For some time now we at Cataspanglish have been discussing the usefulness (or otherwise) of event formats. Whereas more & more things online are getting geolocated & locally contextualised, so-called knowledge sharing events continue to operate in a void, as if there were some kind of universal truths which operate everywhere. A typical example of this is the references to FixMyStreet made by many speakers over the last year without (usually) exploring the local conditions, history and culture of the UK or (in this case) Spain/Catalonia and why the public are more likely to participate in this sort of project in one place than another.
Another issue is the amount of time & effort which finding & negotiating the use of a suitable venue and infrastructure, such as wifi and power supply, requires. Again, to us this is beginning to seem redundant when public spaces are increasingly connected. Back when I was a dirty squatter, the lack of physical space/housing & constant moving meant serious organisational problems for the squatting movement, as nearly all the time was spent in just getting a roof over your head. While the housing crisis remains, what has changed is the ability to organise things in public spaces – as has been demonstrated in a rather overkill way by the Breakout events, but exists in an everyday, workaday way in coworking in cafes etc. Also lessons have been learned (by us at least) from the concentration on the building as a space of Citilab instead of Citilab as a collection of concepts & ideas.
Yeah, yeah – but what does it all mean?
It means that through participating in the walkshop and all of the above, we are going to start doing events in public spaces using available infrastructure. Will we do more "Camps"? Well, we've got one up our sleeves, but we want to explore this new idea, so the the next cataspanglish "event" is going to be somewhere in downtown Barcelona and it's going to be a kind of mashup inspired by the walkshop, subtlemob and Hannah Nicklin's "The Smell of Rain Remind Me of You". The theme? The City of course…Watch this space
Damn! this is going to be like getting those X-Ray Spex (no – not talking about the seminal punk band, although they rock too) from old comic books. Adam Greenfield & Nurri Kim are going to be exposing the city, explaining all of those mysterious boxes clamped on to "street furniture", where they are from, what they mean and where they are going. What are those cameras, sensors, and other connected, networked objects doing and why? How are they going to change the city and you & me, politics and relationships and behaviour and culture. What is going to happen to society and space, public & private?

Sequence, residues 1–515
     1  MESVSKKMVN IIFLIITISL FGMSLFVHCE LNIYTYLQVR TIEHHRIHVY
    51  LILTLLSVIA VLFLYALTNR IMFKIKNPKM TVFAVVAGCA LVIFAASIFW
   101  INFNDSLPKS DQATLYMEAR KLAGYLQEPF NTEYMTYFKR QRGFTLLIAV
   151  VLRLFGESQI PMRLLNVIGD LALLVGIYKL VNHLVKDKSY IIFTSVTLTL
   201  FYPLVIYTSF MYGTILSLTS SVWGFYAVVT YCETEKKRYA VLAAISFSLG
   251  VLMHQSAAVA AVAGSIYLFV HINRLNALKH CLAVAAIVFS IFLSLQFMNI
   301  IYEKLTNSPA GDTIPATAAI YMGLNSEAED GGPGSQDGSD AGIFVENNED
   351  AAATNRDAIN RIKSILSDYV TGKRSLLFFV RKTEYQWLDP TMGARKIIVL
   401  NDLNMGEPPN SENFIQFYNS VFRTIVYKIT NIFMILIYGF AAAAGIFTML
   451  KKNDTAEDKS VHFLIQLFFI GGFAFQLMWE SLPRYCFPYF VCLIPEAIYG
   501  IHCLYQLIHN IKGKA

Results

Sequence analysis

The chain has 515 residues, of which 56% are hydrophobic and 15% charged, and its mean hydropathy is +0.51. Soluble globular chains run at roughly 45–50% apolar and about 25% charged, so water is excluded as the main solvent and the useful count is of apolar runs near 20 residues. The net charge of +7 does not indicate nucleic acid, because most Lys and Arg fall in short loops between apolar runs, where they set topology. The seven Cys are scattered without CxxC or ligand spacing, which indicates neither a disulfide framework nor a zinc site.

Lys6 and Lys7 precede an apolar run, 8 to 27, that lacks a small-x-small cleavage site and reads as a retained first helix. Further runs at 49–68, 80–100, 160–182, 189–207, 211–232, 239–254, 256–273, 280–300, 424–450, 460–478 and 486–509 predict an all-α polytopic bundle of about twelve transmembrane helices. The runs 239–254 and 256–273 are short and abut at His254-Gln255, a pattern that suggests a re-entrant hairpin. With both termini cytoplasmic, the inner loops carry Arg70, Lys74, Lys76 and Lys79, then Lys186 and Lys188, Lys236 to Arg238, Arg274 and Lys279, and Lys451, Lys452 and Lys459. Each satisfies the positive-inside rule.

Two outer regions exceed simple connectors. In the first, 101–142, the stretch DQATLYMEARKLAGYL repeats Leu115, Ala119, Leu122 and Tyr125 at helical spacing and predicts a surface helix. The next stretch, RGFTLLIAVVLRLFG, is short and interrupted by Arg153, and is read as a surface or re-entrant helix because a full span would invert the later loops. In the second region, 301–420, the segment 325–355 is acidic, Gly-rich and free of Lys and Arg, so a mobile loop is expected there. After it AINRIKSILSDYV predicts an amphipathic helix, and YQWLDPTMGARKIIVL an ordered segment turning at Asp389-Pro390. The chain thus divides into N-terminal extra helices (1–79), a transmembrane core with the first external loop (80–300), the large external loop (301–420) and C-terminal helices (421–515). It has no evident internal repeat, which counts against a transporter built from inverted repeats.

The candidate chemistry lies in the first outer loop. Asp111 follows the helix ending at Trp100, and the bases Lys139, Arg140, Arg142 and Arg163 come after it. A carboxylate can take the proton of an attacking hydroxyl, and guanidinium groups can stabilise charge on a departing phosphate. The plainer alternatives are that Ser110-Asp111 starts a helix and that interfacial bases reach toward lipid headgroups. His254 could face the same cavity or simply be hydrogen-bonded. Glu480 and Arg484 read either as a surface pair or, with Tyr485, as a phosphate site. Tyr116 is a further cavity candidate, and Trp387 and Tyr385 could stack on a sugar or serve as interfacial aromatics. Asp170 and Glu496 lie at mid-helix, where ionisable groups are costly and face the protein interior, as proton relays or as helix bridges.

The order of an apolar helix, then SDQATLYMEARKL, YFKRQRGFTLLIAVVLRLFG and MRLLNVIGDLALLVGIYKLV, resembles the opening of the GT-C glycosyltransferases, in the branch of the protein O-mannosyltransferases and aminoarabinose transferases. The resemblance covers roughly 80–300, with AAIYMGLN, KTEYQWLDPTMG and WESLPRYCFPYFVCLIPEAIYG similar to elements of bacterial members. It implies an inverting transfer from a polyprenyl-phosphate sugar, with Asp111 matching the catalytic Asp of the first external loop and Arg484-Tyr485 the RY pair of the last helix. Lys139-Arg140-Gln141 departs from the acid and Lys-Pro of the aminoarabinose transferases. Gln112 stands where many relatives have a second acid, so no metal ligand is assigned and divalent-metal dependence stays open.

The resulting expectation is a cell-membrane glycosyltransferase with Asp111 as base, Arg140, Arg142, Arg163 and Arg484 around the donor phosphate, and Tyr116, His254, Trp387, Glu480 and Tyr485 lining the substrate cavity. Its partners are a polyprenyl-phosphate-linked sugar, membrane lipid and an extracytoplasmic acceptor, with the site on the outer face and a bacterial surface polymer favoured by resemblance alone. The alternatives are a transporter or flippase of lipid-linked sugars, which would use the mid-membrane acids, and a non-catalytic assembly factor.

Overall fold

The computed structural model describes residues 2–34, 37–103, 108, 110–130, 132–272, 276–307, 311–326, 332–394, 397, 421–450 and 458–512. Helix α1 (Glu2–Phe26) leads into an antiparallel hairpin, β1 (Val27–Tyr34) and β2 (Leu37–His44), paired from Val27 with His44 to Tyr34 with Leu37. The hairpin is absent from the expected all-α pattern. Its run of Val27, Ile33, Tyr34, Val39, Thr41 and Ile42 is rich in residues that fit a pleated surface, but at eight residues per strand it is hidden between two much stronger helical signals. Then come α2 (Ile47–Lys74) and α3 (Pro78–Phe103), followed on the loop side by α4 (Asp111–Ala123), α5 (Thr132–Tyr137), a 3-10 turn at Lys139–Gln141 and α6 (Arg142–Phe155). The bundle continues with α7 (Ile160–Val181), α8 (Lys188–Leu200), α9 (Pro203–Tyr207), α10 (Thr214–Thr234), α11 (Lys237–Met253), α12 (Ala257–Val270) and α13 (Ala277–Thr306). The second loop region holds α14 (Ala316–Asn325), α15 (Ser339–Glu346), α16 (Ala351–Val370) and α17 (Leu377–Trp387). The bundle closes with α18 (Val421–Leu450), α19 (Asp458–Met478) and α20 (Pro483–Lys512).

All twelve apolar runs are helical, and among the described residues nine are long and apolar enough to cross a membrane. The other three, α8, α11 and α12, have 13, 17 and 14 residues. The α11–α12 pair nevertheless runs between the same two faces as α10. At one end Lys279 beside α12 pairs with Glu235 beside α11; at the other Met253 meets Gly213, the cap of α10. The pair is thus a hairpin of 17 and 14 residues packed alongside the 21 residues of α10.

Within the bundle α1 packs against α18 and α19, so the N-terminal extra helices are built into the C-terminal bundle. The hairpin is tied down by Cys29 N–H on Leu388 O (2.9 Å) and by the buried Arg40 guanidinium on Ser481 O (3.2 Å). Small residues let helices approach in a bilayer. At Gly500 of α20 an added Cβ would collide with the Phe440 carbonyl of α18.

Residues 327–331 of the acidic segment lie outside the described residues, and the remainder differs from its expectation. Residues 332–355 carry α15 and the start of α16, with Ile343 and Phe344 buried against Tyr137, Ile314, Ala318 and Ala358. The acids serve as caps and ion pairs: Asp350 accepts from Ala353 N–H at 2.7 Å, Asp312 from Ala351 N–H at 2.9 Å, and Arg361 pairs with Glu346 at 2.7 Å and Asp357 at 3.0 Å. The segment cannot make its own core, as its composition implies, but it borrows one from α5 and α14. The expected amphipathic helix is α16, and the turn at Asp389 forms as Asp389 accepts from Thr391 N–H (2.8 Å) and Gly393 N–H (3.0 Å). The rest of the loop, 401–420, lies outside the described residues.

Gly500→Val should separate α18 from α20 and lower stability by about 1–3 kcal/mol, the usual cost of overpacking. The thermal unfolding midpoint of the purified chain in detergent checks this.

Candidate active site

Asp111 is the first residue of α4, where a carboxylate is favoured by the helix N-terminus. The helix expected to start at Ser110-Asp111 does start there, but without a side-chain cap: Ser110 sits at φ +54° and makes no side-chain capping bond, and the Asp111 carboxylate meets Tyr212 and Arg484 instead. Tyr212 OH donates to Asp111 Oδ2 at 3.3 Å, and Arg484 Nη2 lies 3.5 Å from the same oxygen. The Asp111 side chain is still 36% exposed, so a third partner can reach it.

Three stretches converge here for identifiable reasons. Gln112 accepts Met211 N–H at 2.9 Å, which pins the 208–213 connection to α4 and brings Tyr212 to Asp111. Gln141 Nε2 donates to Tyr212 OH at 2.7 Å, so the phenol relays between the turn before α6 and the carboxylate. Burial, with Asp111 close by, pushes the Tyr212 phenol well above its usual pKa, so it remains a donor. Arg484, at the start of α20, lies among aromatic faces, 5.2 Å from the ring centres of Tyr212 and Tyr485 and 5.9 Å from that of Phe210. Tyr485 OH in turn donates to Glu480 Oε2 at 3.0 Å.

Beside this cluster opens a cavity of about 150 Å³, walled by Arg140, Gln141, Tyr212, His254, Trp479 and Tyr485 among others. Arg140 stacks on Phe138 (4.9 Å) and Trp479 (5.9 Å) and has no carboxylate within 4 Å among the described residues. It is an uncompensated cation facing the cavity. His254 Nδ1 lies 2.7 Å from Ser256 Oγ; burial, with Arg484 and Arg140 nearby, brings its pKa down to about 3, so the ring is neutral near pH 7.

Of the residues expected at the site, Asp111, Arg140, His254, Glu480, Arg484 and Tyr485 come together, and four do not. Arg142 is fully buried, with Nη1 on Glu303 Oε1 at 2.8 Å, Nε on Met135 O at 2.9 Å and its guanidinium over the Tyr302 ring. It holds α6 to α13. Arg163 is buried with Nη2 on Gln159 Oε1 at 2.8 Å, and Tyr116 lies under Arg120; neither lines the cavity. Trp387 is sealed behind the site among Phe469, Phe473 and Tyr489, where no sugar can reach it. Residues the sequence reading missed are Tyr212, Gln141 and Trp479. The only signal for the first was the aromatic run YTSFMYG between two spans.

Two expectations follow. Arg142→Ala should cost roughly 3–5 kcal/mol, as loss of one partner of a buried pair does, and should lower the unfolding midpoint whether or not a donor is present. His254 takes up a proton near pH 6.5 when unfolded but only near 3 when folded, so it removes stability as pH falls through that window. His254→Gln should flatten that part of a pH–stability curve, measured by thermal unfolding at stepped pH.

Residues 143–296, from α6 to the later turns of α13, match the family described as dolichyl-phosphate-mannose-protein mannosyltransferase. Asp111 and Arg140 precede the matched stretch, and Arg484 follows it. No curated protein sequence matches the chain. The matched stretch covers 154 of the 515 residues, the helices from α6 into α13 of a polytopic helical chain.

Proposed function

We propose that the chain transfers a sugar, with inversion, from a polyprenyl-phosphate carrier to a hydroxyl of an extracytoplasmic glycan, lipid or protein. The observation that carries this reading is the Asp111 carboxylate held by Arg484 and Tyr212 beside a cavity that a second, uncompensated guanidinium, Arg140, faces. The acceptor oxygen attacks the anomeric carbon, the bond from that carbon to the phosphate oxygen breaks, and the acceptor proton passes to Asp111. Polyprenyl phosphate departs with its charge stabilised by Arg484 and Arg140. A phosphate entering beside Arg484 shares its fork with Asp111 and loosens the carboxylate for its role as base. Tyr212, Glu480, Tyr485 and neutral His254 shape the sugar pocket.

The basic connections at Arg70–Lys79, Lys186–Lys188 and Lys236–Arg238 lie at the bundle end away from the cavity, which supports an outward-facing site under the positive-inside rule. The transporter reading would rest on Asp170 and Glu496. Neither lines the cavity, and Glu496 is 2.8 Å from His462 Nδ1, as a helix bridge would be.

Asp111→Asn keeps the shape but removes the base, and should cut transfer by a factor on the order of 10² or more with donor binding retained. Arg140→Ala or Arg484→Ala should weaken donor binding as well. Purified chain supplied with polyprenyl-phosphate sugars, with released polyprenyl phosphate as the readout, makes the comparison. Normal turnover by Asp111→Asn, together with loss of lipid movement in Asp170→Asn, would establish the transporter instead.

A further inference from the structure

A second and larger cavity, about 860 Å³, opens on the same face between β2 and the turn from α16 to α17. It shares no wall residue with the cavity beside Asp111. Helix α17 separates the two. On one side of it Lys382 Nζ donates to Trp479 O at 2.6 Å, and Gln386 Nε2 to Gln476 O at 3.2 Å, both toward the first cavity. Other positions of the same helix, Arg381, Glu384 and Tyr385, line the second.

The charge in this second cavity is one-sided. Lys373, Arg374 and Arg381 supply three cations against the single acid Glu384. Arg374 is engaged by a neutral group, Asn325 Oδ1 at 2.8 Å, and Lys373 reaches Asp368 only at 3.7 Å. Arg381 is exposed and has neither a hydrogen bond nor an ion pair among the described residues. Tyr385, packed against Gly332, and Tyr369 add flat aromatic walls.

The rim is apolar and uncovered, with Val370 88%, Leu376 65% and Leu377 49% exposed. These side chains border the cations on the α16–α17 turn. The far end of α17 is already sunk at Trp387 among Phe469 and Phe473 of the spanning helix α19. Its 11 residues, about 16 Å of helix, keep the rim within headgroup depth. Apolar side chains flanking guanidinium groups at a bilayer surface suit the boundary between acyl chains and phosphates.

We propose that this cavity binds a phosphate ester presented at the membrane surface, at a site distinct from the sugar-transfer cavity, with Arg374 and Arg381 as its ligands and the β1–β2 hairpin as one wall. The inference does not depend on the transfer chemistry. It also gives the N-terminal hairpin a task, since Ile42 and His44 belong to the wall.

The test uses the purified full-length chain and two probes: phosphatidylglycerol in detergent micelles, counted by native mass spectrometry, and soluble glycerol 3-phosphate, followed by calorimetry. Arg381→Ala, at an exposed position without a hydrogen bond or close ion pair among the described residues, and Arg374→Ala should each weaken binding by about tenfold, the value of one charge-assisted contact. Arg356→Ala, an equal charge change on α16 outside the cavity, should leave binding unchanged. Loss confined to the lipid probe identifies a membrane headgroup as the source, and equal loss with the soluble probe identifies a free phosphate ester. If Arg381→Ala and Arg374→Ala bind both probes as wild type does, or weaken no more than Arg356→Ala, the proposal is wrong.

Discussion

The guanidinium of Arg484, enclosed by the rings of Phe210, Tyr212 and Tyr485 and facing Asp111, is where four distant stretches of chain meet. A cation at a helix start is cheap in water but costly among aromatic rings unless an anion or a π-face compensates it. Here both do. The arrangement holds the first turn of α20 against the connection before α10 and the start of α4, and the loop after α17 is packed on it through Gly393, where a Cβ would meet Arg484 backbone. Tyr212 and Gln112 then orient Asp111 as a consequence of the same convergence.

If you have any interest in cities, technology & society, urban design, the future of public space and relationships you simply DON'T want to miss this – Adam & Nurri have conceived a new format – the Walkshop in which we're going to get down & dirty and see this stuff in situ, not on a bunch of slides, and distinctly run the risk of pissing off security guards.
Check out the video above, shot during the #walkshop in Wellington, and read this blog post to see how CJ Wells rediscovered his barrio:
"Over the course of an hour, Adam pointed out curiosities previously unnoticed. This was my ‘hood. Yet, I had not seen rooftops bristling with aerials, streets covered by security cameras, and buildings shielding black boxes. It was mind blowing…"
The #walkshop is going to be unique event in which a great thinker & communicator riffs on the fabric of the city itself – Bring it on!
I’m preparing my talk for Developing Birmingham’s Digital District on Wednesday and realised that I needed to know the answer to the above question- so of course I posted the question on twitter. Here you can see the results of my super-scientific survey – click on the image to see the full size version
Part 2 of the conversation with Adam Greenfield – click the photo for the groovy version. This conversation was recorded the day after Barack Obama won the US Presidential election. Thanks to AG for being so generous with his time and for Medialab-Prado for letting us use their office.
When I was a kid I believed the future would be a tech paradise….
Standing in chaotic queue at the hospital, everybody crammed into a small space to keep their place while the seats are empty becuse there is no turn system
Why can’t the doc do this – he’s sending me to another doctor -why can’t he do the appointment from his computer instead of sending me to the disorganised queue for appointments
Holding 3 copies of the same paper – paperless office anyone? The paper has a sticker with a bar code…
Health centre and hospiital computers not linked so my old address appears from Barcelona – trivial but what about records in an emegency situation?
Please, please, please let Google organise the health adminstration because clearly the administrators now DO NOT KNOW HOW TO…
notes for a post, written on the iPhone from the Hospital Arnau in Lleida